sit tight, to
To wait patiently without taking any immediate action. I know you're anxious to hear how you did, but just sit tight—they'll let you know the results when they're ready. The CEO is urging investors to sit tight until the new product has had a chance to generate some sales.
to wait; to wait patiently. (This does not necessarily refer to sitting.) Just relax and sit tight. I'll be right with you. We were waiting in line for the gates to open when someone came out and told us to sit tight because it wouldn't be much longer before we could go in.
Be patient, take no action, as in If you just sit tight I'm sure your passport will be returned to you. [Colloquial; first half of 1700s]
COMMON If you sit tight, you stay in the same place or situation and wait to see how it develops before taking any action. The message is, those who want to sell their houses should sit tight for a couple of years if they can. I think the Bundesbank is going to sit tight for a couple of months, at least until it sees better signs on money supply growth.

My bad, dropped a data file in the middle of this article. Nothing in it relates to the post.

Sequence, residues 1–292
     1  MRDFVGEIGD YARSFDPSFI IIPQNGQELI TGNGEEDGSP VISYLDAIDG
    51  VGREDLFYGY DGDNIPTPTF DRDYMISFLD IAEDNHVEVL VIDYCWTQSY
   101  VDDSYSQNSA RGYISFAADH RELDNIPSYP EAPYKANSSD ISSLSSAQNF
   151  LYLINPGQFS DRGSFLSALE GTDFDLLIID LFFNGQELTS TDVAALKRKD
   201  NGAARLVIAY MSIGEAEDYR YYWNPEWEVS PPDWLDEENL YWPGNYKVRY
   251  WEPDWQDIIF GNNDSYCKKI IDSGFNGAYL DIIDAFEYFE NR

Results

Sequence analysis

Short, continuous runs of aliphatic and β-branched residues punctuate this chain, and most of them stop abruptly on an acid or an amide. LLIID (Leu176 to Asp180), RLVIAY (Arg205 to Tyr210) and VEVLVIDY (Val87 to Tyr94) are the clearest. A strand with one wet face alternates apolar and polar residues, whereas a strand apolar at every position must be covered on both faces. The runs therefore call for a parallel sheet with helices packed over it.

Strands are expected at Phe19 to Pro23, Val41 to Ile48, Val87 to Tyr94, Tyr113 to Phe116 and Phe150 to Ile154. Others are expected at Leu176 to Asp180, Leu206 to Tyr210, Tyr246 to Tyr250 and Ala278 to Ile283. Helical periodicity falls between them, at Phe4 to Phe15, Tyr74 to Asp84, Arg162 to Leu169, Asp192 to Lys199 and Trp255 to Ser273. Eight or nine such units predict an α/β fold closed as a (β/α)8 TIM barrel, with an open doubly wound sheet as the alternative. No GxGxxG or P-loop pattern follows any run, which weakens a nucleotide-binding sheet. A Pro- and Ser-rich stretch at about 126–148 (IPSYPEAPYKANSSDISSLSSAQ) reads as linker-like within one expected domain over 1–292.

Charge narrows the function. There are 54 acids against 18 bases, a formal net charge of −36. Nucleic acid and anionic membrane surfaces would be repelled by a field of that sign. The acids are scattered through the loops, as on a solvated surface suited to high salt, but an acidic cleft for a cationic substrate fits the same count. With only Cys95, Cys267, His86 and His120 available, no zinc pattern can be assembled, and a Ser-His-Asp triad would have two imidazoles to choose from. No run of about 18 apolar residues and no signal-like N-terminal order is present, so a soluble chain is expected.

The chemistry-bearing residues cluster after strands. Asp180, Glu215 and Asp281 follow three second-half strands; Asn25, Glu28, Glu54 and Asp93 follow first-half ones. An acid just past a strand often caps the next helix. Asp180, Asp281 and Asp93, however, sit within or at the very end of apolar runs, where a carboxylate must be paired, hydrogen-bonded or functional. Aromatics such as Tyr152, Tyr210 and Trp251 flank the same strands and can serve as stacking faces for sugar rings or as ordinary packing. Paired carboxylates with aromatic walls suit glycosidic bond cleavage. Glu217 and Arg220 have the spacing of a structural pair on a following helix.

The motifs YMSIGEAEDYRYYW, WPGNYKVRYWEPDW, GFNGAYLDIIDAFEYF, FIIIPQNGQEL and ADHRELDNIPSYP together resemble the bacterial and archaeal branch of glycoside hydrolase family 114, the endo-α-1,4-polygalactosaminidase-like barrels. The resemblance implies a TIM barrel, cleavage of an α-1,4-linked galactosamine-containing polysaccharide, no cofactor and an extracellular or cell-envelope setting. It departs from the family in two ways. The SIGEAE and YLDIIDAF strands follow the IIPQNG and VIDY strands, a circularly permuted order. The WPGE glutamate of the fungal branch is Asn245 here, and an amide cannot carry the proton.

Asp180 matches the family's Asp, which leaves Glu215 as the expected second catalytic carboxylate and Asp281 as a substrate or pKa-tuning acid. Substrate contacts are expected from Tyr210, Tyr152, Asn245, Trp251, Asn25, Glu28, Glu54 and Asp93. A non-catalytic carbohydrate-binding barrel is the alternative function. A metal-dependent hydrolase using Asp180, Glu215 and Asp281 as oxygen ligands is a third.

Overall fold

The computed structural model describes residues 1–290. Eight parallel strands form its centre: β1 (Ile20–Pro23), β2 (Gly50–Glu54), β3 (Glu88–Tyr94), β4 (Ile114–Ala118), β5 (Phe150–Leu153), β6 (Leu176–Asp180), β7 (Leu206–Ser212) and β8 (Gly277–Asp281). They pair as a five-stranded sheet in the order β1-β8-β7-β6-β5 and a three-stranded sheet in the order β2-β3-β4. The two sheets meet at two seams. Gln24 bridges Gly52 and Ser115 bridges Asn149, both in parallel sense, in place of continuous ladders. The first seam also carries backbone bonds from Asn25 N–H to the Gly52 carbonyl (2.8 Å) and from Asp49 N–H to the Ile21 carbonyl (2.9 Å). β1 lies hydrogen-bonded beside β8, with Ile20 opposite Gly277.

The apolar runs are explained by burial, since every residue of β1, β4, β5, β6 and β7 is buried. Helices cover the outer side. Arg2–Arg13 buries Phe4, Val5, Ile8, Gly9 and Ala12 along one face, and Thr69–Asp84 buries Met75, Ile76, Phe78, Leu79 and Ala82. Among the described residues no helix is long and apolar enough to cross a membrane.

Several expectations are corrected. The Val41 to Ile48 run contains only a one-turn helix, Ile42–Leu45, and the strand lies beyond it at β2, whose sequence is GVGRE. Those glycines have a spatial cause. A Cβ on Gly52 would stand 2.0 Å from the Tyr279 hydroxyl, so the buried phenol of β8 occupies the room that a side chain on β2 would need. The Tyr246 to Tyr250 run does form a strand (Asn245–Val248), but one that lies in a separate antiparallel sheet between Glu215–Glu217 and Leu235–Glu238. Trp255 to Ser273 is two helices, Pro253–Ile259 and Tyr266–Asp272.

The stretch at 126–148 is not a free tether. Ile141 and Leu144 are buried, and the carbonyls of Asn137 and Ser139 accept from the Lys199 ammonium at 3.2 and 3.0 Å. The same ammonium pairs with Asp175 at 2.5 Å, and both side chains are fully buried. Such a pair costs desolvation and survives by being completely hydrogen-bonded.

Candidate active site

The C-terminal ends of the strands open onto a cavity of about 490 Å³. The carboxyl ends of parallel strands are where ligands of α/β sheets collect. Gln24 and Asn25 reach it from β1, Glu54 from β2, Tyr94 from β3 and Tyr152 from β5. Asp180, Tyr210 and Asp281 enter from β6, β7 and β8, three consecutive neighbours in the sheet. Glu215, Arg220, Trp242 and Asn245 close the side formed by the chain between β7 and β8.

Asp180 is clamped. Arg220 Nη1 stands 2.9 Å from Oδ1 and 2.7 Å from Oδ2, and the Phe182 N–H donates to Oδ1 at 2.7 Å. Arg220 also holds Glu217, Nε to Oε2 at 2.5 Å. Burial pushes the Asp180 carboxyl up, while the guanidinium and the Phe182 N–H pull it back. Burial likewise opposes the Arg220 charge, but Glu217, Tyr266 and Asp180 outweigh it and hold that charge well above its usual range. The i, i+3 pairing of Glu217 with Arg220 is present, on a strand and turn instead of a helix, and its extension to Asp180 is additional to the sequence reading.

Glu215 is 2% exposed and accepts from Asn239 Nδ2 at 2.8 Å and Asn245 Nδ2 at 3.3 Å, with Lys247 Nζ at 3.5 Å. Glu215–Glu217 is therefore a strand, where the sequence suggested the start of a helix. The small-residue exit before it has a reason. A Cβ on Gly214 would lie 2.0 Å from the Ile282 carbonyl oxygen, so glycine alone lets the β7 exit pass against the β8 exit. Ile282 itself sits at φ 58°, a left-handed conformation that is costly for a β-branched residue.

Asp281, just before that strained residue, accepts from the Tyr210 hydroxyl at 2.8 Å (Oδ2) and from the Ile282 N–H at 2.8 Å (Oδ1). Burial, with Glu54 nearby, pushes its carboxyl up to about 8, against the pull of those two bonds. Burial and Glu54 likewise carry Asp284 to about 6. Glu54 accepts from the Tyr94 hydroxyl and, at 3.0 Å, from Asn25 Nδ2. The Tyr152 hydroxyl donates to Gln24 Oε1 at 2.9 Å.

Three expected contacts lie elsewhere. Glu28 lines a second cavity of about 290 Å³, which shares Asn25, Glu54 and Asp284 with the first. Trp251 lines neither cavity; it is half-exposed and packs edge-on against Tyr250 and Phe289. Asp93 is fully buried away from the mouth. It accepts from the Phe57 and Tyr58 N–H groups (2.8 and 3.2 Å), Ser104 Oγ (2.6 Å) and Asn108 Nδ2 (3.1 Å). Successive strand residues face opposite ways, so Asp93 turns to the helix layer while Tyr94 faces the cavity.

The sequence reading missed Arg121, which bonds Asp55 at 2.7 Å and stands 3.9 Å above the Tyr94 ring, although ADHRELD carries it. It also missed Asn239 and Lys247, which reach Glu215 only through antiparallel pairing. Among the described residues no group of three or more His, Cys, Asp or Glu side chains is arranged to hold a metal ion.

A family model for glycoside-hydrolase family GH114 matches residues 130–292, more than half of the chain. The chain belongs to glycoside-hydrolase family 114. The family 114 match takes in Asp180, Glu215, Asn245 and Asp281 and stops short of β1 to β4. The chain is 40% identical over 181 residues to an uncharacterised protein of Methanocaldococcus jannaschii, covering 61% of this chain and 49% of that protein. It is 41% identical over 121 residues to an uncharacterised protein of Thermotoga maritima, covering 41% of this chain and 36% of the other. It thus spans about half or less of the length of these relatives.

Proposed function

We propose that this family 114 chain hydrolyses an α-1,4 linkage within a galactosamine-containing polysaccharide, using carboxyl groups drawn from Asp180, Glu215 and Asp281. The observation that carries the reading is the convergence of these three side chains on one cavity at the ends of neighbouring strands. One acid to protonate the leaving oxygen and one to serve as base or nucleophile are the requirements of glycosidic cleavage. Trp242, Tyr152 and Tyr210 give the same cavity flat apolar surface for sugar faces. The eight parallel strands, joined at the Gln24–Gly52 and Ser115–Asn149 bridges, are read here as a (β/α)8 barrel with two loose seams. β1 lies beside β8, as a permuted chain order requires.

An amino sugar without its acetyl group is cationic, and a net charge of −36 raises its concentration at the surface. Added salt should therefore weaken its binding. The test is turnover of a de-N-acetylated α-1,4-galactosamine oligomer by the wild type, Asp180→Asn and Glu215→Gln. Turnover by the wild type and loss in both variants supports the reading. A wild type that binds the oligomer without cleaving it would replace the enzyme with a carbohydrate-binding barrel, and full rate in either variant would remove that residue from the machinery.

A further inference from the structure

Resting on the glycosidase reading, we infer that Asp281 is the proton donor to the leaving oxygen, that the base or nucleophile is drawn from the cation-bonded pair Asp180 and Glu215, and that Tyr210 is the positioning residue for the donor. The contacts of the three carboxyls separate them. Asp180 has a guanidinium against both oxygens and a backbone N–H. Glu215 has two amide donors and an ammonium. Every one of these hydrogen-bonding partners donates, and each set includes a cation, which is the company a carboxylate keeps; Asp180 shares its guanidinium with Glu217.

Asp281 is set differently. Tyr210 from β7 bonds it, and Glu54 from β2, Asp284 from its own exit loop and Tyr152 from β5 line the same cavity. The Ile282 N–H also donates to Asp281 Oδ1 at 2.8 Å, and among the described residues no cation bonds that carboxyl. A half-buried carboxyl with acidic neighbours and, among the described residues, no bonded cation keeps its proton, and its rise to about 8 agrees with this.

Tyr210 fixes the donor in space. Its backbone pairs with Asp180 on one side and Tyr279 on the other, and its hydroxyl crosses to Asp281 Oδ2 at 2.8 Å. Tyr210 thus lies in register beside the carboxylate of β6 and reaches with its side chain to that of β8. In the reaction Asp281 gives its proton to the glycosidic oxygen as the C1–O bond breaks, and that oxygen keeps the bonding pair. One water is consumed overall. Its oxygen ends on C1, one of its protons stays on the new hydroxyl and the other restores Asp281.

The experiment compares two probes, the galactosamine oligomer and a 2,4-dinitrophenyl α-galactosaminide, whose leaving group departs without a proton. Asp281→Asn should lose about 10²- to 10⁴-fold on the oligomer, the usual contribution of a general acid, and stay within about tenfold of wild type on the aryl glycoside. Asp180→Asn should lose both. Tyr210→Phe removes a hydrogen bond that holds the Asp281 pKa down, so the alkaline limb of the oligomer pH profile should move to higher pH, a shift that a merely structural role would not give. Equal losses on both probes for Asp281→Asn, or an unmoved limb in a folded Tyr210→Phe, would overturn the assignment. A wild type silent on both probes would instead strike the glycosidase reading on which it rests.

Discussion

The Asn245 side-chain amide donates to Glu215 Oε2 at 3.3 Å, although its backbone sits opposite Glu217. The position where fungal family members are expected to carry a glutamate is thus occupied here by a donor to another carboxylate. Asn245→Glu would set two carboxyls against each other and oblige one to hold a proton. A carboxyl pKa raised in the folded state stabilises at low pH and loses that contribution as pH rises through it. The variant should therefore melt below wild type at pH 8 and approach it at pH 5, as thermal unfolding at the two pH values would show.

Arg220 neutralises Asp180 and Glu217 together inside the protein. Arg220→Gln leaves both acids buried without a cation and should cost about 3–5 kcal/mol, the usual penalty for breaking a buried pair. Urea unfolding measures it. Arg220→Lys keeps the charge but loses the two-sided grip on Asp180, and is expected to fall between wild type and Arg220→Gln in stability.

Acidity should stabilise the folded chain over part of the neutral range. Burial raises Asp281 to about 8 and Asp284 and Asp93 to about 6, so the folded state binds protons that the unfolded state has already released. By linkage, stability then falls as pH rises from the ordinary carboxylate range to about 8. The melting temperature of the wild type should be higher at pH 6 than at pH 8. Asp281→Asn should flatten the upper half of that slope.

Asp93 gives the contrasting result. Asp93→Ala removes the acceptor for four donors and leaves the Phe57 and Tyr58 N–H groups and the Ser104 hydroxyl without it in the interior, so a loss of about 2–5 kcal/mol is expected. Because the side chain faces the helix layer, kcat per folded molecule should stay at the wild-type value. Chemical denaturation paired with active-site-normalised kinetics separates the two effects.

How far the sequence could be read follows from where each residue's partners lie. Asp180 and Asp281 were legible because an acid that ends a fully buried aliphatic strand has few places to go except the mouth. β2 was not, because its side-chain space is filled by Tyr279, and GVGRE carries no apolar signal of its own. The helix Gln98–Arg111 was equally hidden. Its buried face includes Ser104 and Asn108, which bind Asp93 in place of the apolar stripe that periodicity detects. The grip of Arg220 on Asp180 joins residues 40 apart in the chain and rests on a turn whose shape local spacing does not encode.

sit tight1 remain firmly in your place. 2 refrain from taking action or changing your mind. informal
1 1984 Studs Terkel The Good War Our colonel told everyone to sit tight, don't leave the camp.
sit ˈtightnot move; not change your position, in the hope that your present difficulties will be solved or go away: If your car breaks down on the motorway, sit tight and wait for the police. ♢ In a period of recession businessmen have to sit tight and hope for better times in the future.
To be patient and await the next move.
sit tight, to
To take no action; to bide one’s time. This term is said to come from poker, where a player who does not want either to continue betting or to throw in his or her cards is said “to sit tight.” However, it may come from the much earlier locution, to sit close, which similarly alludes to sitting still with one’s knees close together, in effect in a waiting attitude. “He sits close and keeps his own,” wrote Sir Thomas Herbert (Travaile into Afrique, 1634). “They would sit tight and strike out hard,” wrote Sir Robert Baden-Powell (The Matabele Campaign, 1896).
See also: sit